Congress empowered HHS to promulgate regulations governing PROs in order to implement the PRO program. 42 U.S.C. § 1320c-3(a)(8). The Act provides few specifics regarding how the PRO is to conduct its business on a day-to-day basis, and by empowering HHS to promulgate regulations, Congress evidently envisioned HHS creating the myriad procedures necessary to administer the program. Prior to the filing of the complaint in this action, HHS promulgated several regulations pertaining to the PRO program. See 42 C.F.R. §§ 412.42; 412.44; 412.46; 412.48; 412.82; 462.100 et seq. These regulations haphazardly touch on an incomplete and disparate selection of PRO procedures, including basic PRO review functions, DRG validation; reporting hospital misrepresentations, and review of hospital determinations of noncoverage. The parties agree these regulations were promulgated as required by The Administrative Procedure Act, 5 U.S.C. § 553.
Besides these regulations, HHS issued a varied series of communications governing the PRO program, including PSRO Transmittals No. 107 and 108, Medicare Hospital Manual Transmittal No. 367 and Medicare Intermediary Transmittal No. 1079, Medicare Intermediary Transmittal No. 1102, and PRO Program Directive No. 2. These communications contain a wide variety of instructions, guidelines and procedures covering aspects of the PRO program. Other procedures concerning the PRO program are found in the Request for Proposals ("RFP") issued by HHS. This document solicited proposed contracts from entities seeking to become PROs, and it instructed them as to what review procedures the contracts must address, and what provisions they must contain. The contracts ultimately entered into between HHS and the PROs contain the provisions the RFP required.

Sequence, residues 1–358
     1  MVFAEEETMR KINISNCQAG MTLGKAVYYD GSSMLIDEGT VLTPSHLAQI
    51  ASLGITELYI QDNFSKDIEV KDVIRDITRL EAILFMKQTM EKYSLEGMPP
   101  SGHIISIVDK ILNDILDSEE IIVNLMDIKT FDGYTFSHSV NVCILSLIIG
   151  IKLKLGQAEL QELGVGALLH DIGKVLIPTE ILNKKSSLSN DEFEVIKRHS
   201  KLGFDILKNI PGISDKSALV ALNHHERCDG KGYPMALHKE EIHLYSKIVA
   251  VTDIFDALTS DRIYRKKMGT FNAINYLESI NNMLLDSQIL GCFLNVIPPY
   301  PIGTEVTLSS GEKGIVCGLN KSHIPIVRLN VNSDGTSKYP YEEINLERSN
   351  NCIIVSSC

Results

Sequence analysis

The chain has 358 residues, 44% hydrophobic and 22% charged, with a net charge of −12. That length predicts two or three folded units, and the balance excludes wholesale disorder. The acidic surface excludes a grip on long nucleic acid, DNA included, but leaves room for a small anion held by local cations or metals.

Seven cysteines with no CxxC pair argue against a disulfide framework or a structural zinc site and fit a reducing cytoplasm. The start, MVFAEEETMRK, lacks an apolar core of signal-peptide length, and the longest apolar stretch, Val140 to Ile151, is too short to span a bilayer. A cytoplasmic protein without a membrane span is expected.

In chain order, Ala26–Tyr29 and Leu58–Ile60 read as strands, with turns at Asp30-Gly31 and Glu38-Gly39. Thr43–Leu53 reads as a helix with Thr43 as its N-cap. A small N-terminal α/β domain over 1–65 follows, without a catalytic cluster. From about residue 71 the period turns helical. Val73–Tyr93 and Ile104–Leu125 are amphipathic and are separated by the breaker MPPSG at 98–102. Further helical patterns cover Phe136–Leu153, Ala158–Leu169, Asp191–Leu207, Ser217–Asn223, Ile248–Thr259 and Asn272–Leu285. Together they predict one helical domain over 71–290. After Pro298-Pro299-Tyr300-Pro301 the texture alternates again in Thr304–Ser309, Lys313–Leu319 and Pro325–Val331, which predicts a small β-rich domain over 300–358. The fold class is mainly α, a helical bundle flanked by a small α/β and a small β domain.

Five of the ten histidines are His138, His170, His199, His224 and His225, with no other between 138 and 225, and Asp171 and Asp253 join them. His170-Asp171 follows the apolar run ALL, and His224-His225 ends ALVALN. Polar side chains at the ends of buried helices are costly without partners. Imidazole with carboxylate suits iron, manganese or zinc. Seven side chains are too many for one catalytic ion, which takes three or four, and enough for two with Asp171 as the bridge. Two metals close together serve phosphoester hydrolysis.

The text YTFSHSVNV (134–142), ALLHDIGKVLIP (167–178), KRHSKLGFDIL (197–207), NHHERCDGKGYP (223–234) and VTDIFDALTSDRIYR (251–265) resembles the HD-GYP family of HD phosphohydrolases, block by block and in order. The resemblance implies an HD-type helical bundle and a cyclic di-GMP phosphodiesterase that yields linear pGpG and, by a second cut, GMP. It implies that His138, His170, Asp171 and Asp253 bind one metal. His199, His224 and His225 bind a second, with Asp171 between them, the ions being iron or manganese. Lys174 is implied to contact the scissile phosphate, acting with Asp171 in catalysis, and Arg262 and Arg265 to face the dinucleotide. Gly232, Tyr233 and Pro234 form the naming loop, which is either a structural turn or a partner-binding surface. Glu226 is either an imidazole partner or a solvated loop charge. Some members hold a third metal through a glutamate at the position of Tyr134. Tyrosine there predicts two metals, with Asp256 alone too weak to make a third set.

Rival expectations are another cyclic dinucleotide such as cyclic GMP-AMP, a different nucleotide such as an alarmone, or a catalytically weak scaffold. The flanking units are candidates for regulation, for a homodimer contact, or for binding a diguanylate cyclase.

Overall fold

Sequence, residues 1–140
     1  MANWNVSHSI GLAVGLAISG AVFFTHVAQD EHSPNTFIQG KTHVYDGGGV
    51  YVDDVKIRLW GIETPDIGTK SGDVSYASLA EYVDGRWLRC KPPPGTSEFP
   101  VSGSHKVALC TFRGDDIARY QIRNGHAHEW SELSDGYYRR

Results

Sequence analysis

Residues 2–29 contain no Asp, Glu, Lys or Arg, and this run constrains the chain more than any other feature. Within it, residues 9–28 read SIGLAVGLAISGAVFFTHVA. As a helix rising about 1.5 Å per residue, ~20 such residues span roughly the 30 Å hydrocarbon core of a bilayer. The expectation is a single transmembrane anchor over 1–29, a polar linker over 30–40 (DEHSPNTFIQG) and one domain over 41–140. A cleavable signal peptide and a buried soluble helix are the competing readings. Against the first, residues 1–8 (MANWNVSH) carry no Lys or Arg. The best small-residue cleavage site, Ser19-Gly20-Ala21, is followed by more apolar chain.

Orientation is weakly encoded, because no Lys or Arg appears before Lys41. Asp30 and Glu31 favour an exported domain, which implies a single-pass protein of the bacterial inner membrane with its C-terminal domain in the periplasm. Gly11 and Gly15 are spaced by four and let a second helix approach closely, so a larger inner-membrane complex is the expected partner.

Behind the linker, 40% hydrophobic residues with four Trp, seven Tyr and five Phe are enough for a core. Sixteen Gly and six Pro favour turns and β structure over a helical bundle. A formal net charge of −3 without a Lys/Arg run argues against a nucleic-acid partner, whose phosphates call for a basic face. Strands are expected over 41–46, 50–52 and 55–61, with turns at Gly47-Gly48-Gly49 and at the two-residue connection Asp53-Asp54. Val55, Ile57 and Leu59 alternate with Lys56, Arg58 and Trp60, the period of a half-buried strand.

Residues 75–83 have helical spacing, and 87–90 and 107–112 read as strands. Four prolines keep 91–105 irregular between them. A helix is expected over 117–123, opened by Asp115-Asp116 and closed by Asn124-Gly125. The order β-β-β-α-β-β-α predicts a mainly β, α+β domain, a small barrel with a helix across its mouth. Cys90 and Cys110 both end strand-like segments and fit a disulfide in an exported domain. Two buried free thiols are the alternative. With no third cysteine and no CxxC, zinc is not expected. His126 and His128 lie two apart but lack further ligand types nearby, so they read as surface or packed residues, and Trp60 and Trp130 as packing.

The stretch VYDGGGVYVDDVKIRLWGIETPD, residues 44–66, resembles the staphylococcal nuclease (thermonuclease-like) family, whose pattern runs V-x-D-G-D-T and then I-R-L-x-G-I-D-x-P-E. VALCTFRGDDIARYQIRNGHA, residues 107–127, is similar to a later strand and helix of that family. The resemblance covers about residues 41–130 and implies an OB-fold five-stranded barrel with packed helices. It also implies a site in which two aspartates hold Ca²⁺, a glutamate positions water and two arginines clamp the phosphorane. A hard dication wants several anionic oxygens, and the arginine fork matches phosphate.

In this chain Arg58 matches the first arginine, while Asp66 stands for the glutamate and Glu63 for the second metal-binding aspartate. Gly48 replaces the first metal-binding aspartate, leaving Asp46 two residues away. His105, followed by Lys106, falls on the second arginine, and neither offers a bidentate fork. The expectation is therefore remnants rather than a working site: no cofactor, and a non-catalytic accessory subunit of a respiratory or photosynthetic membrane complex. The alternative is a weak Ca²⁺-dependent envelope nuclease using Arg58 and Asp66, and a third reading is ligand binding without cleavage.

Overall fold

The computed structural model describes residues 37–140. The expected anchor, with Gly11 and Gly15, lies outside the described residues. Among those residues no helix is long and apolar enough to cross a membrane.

The parties agree that none of the documents mentioned above were issued pursuant to the notice and comment procedures of the A.P.A.
The plaintiff in this action, The American Hospital Association ("AHA") is an Illinois non-stock corporation, representing six thousand member hospitals. On October 10, 1984, faced with the small, incomplete selection of regulations HHS had published implementing the PRO program and the large number of procedures proscribed in documents not published as regulations, AHA filed with HHS a petition for rulemaking, pursuant to 5 U.S.C. § 553(e). In it AHA requested HHS to promulgate a complete set of regulations governing all aspects of the PRO program.
On December 14, 1984, the then Secretary of HHS, Margaret Heckler, wrote a letter to AHA's general counsel stating that her staff was preparing a response to the petition, but would be unable to respond within the sixty-day period requested by AHA.
AHA sent another letter on January 8, 1985, requesting a date for HHS's response. No response to this letter was ever received.
On January 29, 1985, AHA commenced this action. The essence of its complaint is that HHS implemented large areas of the PRO program through the communications listed above at p. 4, thus circumventing the notice and comment requirements of the A.P.A., 5 U.S.C. § 553. They request, inter alia, that this court declare the documents invalid for failure to comply with § 553, and that this court order HHS to promulgate all regulations implementing the PRO program in accordance with notice and comment procedures.
AHA also complains that HHS's denial of the petition for rulemaking is arbitrary and capricious and an abuse of discretion. They seek an order compelling HHS to grant the petition.